At the hospital, friends, family, and relatives waited for news of my mother's condition. They tried to comfort me and reassure me. As we talked I began to feel better. My brother, whose shirt was filled with tears, finally looked up and asked if I felt nothing. At that moment, I saw a scared, frightened boy. An adult lady friend stood beside him I knew now what had to be said. She softly muttered that my mother passed. I was crying now as I walked out of the hall into a room. The lady came to console and comfort me. My grandmother approached us and asked if we would like to see our mother. Walking toward the bed I could feel my stomach rush to my mouth. I had never seen a dead body. I held her hand and cried more. "This can't be true! My mother can't be dead!" Still holding her hand, I leaned down and kissed her on her cheek while running my fingers through her long black locks. Devastated, I shook my head. I knew it was true, yet I remained in a state of disbelief.
At night, I could not sleep knowing that my mother had died. This went on for days. On Saturday, May 18, 2002, my mother was buried. Before the ceremony, I saw my mother for the last time. As I felt her face with the tips of my fingers, I kissed her on her cheek telling her I loved her. She was so beautiful as I saw her lying in her casket, calm and peaceful as if she were asleep. The ceremony was beautiful from beginning to end. The day my brother and I went back to school it was hard for us to focus, but we were comforted by classmates, teachers, and other adults who gave us their condolences and let us know we were not forgotten.
After my mother' s death, I have said to myself that I wanted to die and there was no reason to live.
I think of my mother everyday and the image of that night replays in my head again and again. I would wake up and feel a dense emptiness inside of me. I know in the midst of this tragedy I must stay strong for my family and me because I know we all hurt. As a result of this, I decided that I to adopt the following as my law of life.
Do not wait until the last minute to express your love, honor, and appreciation to those you care for. You never
know when that missed opportunity may be your last chance to do so.
Three Important Values
By Anson Heskey
Charlotte Amalie High School 9th Grade – First Place

As a modern day teenager, I am often reminded by my parents and the adults around me that I am lucky to be living in an age where I do not have to fetch water from a river, chase goats and sheep as an after school chore and where I have access to computers, televisions, cell phones, game consoles and CD players. My parents take pleasure in recounting for me fascinating stories about their childhood adventures. They hope by so doing to inspire and encourage me with principles and values that will guide me as I grow and mature into manhood. I am therefore confident that my parents will be happy to discover that some of the principles they hold dear have become the basis of my own set of values. This incredible realization came unexpectedly to me as a result of my experience during the illness of my mother. As a result of this experience, I gained three valuable laws of life: I learned not to take anything in life for granted; I learned to appreciate and value family and I learned that I have a valuable contribution to make to the world.
When my mother decided to go to Florida for medical attention, she had no idea that she would be stranded on La Guardia Airport on the morning of the 911 September 11 attacks on the World Trade Center. And I had no idea that I would spend the next few days along with my father praying and hoping that she would get to the doctor on time, that the planes would start flying again so that she could get the help she needed before it was too late. After a nightmarish experience on the airport, several days' delay and a 22-hour bus ride from New York to Florida, she finally arrived at the doctor's office; we learned that her condition was so serious that the doctor thought that she should have been dead. I was devastated. I could not imagine life without my mother, but I never had any reason before to think of a world without her. The days that followed were filled with fear and anticipation; fear abut what could happen and anticipation for the day when she could return to fill the empty space in my heart and home. I realized that I always thought she would be around, so I took for granted until this illness made me understand that I should never take anyone or anything in life for granted.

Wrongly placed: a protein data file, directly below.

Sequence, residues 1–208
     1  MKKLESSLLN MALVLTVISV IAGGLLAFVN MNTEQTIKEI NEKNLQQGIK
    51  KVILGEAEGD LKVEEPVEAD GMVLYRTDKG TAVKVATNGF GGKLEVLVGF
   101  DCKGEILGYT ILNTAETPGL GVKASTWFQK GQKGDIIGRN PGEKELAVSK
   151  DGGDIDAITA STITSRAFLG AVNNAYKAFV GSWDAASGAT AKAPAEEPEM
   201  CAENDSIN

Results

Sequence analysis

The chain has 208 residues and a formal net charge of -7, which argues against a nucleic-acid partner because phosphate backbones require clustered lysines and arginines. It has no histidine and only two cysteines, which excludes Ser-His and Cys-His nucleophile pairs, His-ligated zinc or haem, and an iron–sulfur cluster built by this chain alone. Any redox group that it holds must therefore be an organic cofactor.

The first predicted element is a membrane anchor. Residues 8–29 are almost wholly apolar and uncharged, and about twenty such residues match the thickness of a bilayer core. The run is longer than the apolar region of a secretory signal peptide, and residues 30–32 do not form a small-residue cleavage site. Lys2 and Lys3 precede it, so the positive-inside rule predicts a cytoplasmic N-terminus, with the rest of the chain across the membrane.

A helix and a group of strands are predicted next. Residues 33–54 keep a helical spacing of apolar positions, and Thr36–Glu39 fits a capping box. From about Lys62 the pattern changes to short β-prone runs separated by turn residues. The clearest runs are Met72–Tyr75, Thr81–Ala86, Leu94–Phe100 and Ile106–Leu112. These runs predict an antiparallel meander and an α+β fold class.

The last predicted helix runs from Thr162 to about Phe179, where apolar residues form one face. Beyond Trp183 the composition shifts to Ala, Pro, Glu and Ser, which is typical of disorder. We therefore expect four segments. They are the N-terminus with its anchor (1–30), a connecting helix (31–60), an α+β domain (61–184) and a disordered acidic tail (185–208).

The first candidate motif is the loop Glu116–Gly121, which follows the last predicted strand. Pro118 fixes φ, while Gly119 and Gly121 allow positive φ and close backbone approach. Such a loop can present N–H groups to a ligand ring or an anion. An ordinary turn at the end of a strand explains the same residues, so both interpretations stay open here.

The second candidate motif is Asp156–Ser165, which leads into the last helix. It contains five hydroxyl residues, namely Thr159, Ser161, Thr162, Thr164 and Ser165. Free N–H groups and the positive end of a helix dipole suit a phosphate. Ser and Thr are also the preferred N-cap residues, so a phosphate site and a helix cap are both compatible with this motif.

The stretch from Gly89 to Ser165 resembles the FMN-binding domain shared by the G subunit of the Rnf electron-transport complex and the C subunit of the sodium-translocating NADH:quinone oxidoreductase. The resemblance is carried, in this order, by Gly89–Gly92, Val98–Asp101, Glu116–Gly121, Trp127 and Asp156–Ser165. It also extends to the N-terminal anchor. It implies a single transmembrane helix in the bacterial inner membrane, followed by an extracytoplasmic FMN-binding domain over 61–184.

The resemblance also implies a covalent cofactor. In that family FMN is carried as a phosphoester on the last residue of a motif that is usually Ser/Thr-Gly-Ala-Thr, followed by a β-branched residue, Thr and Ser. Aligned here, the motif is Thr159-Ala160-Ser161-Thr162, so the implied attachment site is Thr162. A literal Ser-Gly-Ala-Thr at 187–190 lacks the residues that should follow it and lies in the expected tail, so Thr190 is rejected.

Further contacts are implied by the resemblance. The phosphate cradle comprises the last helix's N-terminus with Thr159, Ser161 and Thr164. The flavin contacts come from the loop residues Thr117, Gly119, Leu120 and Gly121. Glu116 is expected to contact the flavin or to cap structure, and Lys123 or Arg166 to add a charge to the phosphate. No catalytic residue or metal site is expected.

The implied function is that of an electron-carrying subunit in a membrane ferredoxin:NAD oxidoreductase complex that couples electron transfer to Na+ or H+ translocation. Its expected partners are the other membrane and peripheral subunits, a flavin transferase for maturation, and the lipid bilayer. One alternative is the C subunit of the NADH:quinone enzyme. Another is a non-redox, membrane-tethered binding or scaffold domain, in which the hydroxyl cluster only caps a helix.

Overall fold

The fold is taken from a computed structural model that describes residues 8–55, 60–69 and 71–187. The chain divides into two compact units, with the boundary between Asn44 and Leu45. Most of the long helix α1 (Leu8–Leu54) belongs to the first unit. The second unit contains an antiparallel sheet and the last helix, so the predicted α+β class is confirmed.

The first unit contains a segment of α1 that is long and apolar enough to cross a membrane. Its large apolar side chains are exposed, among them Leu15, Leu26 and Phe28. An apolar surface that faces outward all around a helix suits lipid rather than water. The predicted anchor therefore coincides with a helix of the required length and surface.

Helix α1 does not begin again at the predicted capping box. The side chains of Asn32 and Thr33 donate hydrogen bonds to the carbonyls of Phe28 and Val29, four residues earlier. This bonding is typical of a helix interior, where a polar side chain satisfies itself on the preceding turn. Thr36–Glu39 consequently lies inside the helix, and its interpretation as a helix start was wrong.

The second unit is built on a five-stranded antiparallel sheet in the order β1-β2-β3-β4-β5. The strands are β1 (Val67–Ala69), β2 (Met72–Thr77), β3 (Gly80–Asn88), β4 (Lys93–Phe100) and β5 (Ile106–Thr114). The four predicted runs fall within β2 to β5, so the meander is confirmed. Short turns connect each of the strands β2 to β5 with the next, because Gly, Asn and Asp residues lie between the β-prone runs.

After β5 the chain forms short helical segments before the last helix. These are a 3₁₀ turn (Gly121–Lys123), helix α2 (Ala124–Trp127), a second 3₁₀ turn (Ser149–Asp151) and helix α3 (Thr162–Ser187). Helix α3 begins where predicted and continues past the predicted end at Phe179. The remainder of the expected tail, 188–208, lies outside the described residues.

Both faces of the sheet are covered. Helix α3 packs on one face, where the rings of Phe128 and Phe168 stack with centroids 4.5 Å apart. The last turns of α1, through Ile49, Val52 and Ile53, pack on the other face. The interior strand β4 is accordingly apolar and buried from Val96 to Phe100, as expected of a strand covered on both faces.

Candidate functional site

During my mother's absence, my father and I lived abbreviated lives: me staying with my cousin or with a family friend and my father distracted and lonely, eager to join my mother or to have her back home. I spent days at school with a sense of isolation, desolation, unhappiness, and loneliness for my mother. At night my relatives tried to encourage and cheer me up. Although they could not give me what I needed then, I saw how much they cared about me and how much they wanted to help. I learned to appreciate them as important people in my life.
After three months away from home, major surgery and a drastic improvement in her health, my mother returned home much to my relief and delight. However, she has had to return to Florida for checkups and further treatments. This time her trip included me and I felt very useful to accompany her and to be of help where necessary. Her trips to the hospital for treatment were an hour long, bus rides that left her exhausted and often dizzy. I was glad that I could accompany her and be a reliable responsible support system in her time of need. I kept her company, played Scrabble with her, made her laugh, and prayed with her for the seven weeks of an ordeal that taught me much about medical science and love between a mother and son. Through it all she made me understand that I was worth a lot to her and that I had much to contribute to the world. I was responsible, thoughtful, reliable and selfless- according to my mother. "The world, could use a lot more young mean like you," my mother would often say. One can only imagine what this experience did for my maturity and positive self-esteem.
In conclusion, I can now look back at my mother's illness and mark it as a most important juncture in my growth and development. I'm still very protective of my mother. I am still concerned about her welfare and her well being and I hope and pray that we will never have to experience the separation and resulting pain. But the valuable laws of life discerned, not to take anything for granted, to appreciate and value family, and to value my contributions to the world, will serve as guiding principles for my life in the future.